His Seven Most Urgent Decisions

The new President will run into policy quagmires in which almost every choice is a risky one, but he will have to act fast while he still has political momentum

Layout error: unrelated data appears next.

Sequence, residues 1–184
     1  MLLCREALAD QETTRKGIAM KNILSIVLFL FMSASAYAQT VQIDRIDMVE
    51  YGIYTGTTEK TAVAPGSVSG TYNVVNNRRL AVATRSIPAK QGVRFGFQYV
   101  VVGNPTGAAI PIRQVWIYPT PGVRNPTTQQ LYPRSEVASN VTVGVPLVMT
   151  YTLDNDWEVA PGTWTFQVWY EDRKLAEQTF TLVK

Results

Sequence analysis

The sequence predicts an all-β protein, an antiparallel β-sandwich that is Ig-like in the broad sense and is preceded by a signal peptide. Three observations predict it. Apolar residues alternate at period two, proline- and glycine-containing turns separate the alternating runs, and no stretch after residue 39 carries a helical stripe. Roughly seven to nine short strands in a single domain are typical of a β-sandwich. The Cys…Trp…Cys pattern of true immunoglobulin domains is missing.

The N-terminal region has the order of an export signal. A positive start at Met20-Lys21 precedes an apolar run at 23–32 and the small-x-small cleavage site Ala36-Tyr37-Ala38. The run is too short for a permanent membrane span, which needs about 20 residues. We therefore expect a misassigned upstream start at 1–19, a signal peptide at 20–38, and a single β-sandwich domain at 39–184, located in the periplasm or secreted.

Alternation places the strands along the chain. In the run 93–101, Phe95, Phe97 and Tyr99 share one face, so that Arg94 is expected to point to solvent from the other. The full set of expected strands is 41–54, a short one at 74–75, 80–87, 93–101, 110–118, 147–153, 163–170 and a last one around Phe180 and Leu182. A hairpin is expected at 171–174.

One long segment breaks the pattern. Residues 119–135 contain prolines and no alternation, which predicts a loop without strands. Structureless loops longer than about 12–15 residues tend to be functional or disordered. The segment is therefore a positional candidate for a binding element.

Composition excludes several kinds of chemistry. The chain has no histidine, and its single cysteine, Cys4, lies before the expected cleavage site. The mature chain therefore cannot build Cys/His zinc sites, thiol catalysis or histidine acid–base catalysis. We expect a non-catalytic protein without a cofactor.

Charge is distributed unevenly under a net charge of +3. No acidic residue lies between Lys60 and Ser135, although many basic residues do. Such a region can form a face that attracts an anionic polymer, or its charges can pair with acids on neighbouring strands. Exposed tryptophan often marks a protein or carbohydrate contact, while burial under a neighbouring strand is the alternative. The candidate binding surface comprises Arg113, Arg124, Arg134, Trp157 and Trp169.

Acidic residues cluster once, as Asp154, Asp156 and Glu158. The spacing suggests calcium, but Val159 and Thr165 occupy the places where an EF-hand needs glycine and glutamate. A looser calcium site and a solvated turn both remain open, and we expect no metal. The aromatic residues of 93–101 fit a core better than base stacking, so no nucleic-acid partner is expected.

DURING THE CAMPAIGN, BILL CLINton seemed to emit a five- or six-point plan every time he opened his mouth. As a vote-getting strategy, it worked: he convinced many people that he understood their concerns and had thought hard and developed specific ideas about what to do. But now he is bumping into the fact that some of his pledges were contradictory and others were easier to voice than fulfill. So he faces an unusual number of tough calls that are bound to disappoint some followers and make some enemies. Yet Clinton will have to move fast to begin enacting his policies...

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